Different types of Cryptocurrency Wallets

There are many different types of crypto wallets, and here we list most common categories. New wallets pop up almost every day though, some recent examples include Abra, Hodly, Infinito Wallet and Jolt.

Desktop wallets

These are wallets usually created by the token developers. To find the right desktop wallet for you, we recommend our Wallet Comparison Table.

Mobile wallets

These are app-based wallets that you can download and install on your phone, although more common for Android based phones. Examples include the Blockchain mobile wallet for Android. We strongly suggest the mobile wallet Enjin.

Online wallets

As mentioned above, all exchanges offer online wallets, to allow you to send and receive tokens. It is highly recommended to store tokens offline (i.e., outside of the exchange) to reduce risks of hacks, phishing attempts, and also the collapse of exchanges. While most exchanges have solid security protocols in place (see which ones have the highest security score here), there have been disasters like the infamous Mt Gox hack in 2014 where USD 460 million worth of Bitcoin was stolen. A wallet many think is the best online BTC wallet is the Spectrocoin Wallet and if you are more interested in storing ETH or ERC-20 tokens, we recommend the Enjin Wallet.

Paper wallets

Paper wallets are print outs of your wallet’s public and private keys, along with a QR code you can scan. A private key is a sequence of letters and numbers (much like a long password), that you, and ONLY you should know, in order to unlock your wallet and access your tokensFind the best paper wallet for you in our Wallet Comparison Table.

Hardware wallets

These are doubtlessly the most secure way to store your tokens. Hardware wallets are completely offline (often referred to as cold storage). They do not support every token out there, so you will need to find out if the tokens you want to store are supported by the hardware walletThe most popular hardware wallet – that we also think is the best hard wallet – is the Ledger Nano S.

Picture of Ledger Nano S
Ledger Nano S – the best hard wallet in our opinion.

 

Enable two-factor authentication (2FA)

This is the first thing anyone investing should immediately enable after you register on an exchange, or any location where you store your tokens. Each exchange that calls itself “the best cryptocurrency exchange site” has this option, so enable it! 2FA ensures that even if your login and password is compromised, hackers cannot get into your account unless they also enter a time-sensitive 6 digit code, that only you can access on your phone.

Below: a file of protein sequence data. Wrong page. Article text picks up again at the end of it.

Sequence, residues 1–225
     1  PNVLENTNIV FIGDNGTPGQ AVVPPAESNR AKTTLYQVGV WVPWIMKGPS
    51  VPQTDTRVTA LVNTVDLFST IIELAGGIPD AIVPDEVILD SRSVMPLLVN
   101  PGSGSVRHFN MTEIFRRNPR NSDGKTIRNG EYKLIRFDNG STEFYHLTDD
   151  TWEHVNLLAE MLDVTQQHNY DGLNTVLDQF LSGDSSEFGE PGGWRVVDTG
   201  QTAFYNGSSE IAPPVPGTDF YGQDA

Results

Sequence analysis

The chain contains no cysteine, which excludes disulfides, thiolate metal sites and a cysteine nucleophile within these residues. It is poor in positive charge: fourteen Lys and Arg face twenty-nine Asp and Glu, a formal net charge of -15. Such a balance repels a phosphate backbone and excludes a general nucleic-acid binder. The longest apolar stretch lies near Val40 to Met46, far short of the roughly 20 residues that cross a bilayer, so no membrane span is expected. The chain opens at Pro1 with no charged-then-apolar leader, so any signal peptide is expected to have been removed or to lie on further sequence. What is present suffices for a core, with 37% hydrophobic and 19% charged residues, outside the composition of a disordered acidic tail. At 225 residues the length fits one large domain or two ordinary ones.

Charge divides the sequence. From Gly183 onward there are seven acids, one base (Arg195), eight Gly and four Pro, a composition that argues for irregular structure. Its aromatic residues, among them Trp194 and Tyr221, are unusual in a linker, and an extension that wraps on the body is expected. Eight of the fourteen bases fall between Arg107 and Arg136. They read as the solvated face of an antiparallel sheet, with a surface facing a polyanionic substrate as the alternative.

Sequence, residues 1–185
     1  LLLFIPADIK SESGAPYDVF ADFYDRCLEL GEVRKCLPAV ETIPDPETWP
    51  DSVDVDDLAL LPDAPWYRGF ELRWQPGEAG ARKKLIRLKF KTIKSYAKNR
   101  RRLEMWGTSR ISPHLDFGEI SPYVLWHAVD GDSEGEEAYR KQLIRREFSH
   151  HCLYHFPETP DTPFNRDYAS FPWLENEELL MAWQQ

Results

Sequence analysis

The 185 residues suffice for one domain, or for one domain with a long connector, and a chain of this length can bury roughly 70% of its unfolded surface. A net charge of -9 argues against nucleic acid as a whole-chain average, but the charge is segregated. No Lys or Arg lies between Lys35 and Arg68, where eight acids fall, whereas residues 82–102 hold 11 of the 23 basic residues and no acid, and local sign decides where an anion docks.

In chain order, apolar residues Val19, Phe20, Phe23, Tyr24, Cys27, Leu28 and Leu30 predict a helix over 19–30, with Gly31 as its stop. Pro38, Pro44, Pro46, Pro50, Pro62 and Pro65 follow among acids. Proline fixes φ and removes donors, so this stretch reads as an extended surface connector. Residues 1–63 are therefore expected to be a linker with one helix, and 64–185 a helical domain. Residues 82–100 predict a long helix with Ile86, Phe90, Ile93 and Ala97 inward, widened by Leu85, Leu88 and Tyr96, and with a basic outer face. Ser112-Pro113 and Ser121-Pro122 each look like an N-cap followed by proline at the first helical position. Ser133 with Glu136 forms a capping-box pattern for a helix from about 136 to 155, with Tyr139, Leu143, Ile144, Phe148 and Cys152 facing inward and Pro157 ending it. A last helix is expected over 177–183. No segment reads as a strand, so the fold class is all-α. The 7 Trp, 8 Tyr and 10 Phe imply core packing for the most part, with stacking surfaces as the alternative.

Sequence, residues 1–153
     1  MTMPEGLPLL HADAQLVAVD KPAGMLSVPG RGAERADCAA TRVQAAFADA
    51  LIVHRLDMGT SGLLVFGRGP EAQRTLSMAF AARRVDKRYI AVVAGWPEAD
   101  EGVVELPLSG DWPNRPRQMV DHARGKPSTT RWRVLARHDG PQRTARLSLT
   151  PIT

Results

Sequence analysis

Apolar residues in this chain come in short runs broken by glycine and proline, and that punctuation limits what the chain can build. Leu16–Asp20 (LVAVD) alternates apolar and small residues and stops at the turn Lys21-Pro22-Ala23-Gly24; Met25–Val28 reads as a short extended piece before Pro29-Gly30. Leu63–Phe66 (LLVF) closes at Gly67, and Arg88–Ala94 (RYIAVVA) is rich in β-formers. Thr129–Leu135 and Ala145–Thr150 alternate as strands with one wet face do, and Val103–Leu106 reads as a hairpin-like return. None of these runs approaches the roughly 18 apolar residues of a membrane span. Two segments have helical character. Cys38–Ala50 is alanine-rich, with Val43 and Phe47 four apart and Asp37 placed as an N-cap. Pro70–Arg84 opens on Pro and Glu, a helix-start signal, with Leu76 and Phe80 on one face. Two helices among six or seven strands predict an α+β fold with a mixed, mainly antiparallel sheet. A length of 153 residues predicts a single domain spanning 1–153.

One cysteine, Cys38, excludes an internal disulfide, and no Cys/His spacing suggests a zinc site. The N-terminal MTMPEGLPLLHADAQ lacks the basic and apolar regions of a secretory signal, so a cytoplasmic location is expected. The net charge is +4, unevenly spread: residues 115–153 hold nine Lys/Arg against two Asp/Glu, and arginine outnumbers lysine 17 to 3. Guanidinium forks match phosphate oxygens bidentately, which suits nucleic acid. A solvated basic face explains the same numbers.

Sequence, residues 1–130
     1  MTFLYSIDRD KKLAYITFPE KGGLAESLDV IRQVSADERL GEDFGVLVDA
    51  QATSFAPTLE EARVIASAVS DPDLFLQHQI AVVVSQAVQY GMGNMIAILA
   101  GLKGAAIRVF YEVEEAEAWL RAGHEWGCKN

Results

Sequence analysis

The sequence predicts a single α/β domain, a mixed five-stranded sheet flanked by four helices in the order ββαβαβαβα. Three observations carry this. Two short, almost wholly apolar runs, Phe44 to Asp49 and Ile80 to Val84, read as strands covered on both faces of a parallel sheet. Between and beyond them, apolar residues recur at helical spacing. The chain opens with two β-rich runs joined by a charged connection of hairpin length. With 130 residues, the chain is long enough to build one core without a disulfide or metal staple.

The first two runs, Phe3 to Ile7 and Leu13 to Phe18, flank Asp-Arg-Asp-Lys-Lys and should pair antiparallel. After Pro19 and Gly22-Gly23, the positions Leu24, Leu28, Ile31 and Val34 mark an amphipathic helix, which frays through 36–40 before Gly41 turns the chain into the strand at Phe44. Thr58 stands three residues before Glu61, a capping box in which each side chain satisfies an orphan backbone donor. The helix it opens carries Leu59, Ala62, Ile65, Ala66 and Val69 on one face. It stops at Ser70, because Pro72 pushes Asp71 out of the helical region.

To setup two-factor authentication:

  1. Download either Google Authenticator or Authy
  2. Navigate to where you can enable 2FA for your account on the exchange/website
  3. You should see a QR code, simple scan it with the app, and that’s it.

After that, everytime you login to your account, it will additionally ask you for a 6 digit, time-sensitive code as an extra security, before access to your account is granted.

A common misconception is that you must use Google Authenticator to enable 2FA. This is not true. I personally recommend Authy for managing your 2FA. This is because it can sync with multiple devices. That means that in case you change or lose your phone/device, you can always recover your 2FA codes.

There are also places where 2FA is simply an additional password of your own choosing. Where that’s an alternative, we recommend you use it.

Looooooong passwords

We’re sure it comes as no news to you, but longer passwords are generally speaking safer than shorter passwords. It might be a bit of a hassle to dig it up every time you want to login to trade or check your balances, but if you put that hassle at one side of the scale and the risk of being hacked at the other side, it’s pretty clear to us that it’s worth it.

If you want to facilitate the process without compromising the length of your password, you could also take advantage of secure password managers that helps you generate and remember every login/password for all exchanges you trade on. Two alternatives are 1Password (free for 1 device) and LastPass (free for multiple devices).

Picture of a High Security Physical Bank Vault
A picture of a dogechain wallet.

 

Don’t reuse passwords and logins

This goes without saying. If one of your accounts get compromised, it’s not hard to imagine the hacker can easily find your other accounts on various exchanges. So, better safe than sorry, use different passwords everywhere.

Conclusion

In conclusion, there are a number of ways to protect yourself from the dangers of hackers and other malevolent parties. We have listed some of them in this guide. Use our Wallet Comparison Table to find the best altcoin wallet or best Bitcoin wallet for you and stay safe out there!